A decision of the Minister of Education removing the authority from a School Board members for unprofessional conduct was highly discretionary and fact-based. Such a decision was to be reviewed on a standard of reasonableness. As long as it fell within the possible range of reasonable outcomes, the decision should not be overturned on judicial review.

26. August 2008 0

Administrative law – Decisions of administrative tribunals – Ministerial orders – School boards – Powers and duties – Code of ethics – Judicial review – Procedural requirements and fairness – Standard of review – Reasonableness simpliciter – Human rights – Charter of Rights and Freedoms

Nova Scotia v. Nova Scotia (Minister of Education), [2008] N.S.J. No. 285, 2008 NSCA 62, Nova Scotia Court of Appeal, July 3, 2008, M. MacDonald C.J.N.S., J.W.S. Saunders J.A., J.E. Fichaud J.A.

As a result of highly publicized open hostility between certain members of the Halifax Regional School Board, the Minister of Education prepared a directive for the Board setting out the standard of professional conduct for the members and requiring them to reaffirm their Code of Ethics. The Minister also made clear to the members that their authority would be removed if they failed to comply.

A few months after the directive was adopted, a fellow Board member made inappropriate comments about the Board and another member issued two motions to investigate other members’ conduct for possible impropriety. The tension culminated into a serious verbal altercation between the members in the Board lounge.

The Minister responded by stripping all members of the Board of their authority and assigning a new one-person replacement Board.

Seven members of the Board applied to have the Minister’s decision quashed. The Supreme Court of Nova Scotia dismissed their application. The members appealed this decision to the Nova Scotia Court of Appeal. That appeal was dismissed.

The first issue before the Court of Appeal was whether the Minister failed to afford the Board members the required level of procedural fairness by not holding a hearing before their removal.

The Minister made an administrative decision that significantly affected the members’ interests. Therefore, she owed them a duty to proceed fairly. However, the Minister’s decision was more administrative than judicial, highly fact driven and discretionary. Although the decision affected the lives of the Board members, they had ample notice that further misconduct would cause the Minister to exercise the removal power. Accordingly, the Board had no legitimate expectation that any other procedure would be involved.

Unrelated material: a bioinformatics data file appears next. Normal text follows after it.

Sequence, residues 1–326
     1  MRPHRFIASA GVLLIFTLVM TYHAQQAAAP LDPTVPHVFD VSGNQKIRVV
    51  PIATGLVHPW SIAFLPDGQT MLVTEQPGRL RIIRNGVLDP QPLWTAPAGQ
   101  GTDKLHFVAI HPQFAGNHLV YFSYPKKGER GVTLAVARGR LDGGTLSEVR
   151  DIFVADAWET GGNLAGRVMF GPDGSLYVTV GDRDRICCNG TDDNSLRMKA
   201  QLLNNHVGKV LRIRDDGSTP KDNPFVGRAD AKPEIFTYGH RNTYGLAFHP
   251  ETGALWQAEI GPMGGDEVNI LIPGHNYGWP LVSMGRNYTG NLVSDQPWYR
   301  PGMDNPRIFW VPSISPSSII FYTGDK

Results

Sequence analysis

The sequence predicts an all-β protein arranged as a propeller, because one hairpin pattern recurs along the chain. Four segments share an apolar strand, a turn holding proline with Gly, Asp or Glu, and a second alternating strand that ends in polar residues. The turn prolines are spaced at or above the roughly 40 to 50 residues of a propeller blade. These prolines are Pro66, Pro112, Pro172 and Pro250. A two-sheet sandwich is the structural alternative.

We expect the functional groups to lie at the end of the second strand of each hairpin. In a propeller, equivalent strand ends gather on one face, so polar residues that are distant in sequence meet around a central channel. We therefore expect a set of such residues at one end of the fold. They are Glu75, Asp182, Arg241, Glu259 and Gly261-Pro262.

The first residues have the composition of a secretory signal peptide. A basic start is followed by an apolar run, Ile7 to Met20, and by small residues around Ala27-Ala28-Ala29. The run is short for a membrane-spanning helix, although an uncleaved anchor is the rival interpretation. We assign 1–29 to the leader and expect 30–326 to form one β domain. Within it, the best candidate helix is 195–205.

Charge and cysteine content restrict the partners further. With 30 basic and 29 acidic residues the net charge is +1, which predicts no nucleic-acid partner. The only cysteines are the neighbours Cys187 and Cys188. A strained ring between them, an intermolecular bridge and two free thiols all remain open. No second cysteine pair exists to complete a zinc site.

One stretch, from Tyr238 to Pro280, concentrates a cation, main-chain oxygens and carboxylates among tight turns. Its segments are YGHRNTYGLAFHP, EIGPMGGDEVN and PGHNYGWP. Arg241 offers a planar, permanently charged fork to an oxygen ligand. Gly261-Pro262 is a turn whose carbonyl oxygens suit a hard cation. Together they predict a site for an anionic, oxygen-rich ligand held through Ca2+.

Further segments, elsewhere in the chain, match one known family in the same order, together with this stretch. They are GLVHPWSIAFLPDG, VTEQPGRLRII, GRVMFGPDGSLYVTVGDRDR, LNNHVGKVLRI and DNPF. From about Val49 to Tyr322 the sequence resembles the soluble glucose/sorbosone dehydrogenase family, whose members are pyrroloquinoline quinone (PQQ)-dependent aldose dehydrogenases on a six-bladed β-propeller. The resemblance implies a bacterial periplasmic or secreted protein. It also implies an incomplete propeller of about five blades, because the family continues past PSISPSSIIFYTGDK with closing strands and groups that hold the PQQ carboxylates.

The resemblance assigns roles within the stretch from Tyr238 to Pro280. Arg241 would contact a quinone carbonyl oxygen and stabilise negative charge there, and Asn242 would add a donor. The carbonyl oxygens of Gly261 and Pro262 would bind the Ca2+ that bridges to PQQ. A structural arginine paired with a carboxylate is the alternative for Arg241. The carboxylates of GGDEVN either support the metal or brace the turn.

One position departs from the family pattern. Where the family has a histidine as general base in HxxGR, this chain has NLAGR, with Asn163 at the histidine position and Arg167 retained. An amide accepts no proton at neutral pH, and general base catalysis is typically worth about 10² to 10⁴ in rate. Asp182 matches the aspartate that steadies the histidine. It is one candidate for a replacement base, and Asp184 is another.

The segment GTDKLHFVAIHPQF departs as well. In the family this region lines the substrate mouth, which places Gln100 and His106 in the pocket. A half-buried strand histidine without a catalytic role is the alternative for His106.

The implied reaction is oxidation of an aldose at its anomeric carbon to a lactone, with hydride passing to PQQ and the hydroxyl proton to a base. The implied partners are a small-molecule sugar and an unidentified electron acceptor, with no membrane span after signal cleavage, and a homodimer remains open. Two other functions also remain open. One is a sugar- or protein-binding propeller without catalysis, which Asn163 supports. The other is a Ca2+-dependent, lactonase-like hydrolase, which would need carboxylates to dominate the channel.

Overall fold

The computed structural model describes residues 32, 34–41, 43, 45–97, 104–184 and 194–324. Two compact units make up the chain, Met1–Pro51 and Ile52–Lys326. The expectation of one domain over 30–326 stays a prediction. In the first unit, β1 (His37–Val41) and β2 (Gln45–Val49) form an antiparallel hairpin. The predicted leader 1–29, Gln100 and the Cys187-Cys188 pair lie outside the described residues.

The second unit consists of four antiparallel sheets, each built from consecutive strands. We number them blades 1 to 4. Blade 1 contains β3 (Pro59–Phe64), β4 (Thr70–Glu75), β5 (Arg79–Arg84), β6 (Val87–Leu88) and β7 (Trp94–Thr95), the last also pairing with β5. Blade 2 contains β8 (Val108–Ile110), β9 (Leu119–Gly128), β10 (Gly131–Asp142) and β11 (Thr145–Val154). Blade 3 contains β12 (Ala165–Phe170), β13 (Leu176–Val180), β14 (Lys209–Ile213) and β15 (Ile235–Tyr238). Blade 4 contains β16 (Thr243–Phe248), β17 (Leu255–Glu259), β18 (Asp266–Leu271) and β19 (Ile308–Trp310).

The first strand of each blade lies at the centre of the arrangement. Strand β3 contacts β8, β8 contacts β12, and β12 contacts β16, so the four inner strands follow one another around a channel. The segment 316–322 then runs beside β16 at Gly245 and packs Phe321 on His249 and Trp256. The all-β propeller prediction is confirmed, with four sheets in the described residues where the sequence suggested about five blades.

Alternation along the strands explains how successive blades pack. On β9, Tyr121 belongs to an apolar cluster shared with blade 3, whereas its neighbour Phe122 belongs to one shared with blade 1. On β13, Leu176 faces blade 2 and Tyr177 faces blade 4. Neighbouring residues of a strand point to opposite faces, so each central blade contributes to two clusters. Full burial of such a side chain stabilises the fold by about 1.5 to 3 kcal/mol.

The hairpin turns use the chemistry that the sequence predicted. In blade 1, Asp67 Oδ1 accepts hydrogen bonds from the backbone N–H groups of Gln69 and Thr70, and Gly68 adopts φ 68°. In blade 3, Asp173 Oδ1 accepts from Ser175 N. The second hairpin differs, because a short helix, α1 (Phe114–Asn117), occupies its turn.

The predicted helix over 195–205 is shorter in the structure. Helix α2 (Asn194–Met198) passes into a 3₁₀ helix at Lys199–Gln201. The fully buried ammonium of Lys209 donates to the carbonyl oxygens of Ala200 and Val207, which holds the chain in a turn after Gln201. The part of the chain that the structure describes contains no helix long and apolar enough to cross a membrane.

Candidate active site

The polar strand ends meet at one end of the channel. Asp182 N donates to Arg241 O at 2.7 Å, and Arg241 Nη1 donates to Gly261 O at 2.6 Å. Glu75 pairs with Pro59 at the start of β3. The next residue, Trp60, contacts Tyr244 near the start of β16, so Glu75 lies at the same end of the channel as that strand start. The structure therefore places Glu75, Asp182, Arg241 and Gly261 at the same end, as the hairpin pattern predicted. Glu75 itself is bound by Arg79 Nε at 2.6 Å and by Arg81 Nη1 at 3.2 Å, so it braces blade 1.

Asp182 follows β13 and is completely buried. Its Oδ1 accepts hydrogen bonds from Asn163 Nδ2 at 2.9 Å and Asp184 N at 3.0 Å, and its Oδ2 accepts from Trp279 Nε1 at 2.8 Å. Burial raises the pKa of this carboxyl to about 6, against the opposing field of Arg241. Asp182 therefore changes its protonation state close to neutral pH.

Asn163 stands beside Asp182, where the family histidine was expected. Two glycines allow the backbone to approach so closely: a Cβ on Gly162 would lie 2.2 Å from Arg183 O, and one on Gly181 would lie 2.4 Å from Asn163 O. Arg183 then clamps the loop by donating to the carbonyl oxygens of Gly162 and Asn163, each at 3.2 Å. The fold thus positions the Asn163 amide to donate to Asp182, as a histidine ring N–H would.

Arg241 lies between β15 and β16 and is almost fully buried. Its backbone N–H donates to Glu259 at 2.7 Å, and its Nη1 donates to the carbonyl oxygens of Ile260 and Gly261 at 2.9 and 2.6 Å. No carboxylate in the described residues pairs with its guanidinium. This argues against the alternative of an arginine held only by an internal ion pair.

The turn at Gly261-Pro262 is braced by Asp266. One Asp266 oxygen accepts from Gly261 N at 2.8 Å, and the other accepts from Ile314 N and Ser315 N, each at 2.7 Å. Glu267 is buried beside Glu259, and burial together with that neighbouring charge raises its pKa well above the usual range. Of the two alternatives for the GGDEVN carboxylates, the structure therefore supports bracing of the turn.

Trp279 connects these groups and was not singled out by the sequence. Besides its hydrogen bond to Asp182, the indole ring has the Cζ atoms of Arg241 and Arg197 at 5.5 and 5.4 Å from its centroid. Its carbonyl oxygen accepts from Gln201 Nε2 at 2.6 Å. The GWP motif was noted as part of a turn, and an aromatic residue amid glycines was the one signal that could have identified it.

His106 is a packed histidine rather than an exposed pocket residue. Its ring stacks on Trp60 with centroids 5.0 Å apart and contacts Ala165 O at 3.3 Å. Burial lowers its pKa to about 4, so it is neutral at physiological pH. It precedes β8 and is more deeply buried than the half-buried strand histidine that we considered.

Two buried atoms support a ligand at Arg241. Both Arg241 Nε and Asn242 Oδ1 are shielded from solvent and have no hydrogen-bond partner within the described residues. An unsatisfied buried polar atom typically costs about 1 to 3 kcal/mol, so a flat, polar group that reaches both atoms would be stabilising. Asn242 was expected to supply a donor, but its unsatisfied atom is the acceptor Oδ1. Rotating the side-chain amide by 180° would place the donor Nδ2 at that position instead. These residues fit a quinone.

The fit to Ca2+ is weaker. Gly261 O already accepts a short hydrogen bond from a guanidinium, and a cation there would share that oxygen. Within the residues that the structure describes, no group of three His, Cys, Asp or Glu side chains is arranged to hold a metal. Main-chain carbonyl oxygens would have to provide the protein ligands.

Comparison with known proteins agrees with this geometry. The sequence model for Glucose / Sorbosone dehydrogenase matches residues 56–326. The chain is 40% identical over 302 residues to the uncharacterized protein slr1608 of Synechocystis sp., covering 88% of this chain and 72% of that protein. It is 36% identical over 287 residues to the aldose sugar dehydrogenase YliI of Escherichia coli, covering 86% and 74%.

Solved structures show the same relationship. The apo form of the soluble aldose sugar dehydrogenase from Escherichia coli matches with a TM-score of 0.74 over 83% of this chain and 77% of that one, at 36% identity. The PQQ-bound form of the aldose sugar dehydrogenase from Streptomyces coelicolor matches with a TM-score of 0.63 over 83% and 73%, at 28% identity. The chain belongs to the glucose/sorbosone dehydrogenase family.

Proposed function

In the circumstances, the Minister acted fairly and was not required to afford the Board members a hearing before removing their authority.

The members’ submission that innocent Board members should not have been punished was rejected. The true purpose of the Minister’s decision was to preserve public confidence in the Board, not punish members.

The second issue before the Court of Appeal was whether the Minister’s decision should be overturned.

While there was no privative clause insulating the Minister’s decision, the Minister’s purpose was to balance the interests of a number of groups, and she brought a level of expertise to the issue. Further, her decision was fact-based and highly discretionary. These factors suggested that the Minister’s decision should be reviewed on a standard of reasonableness, as opposed to correctness.

By express statutory language the Board was accountable to the Minister. The Minister was required to establish performance standards with which the Board had to comply. The Board failed to comply with these standards, despite having been given a fair warning. The Court of Appeal expressly rejected the members’ argument that the standards applied only while the members were carrying out their statutory duties, i.e., during Board meetings.

The Minister’s decision was not unreasonable in the circumstances, but fell well within a range of reasonable outcomes.

The Charter had no application because the Code of Ethics was not ambiguous and required compliance by members “at all times”. Therefore, the Code could not be interpreted, in light of the freedom of speech rights enshrined in the Charter, to permit members to make various comments without fear of sanction outside the context of Board meetings.

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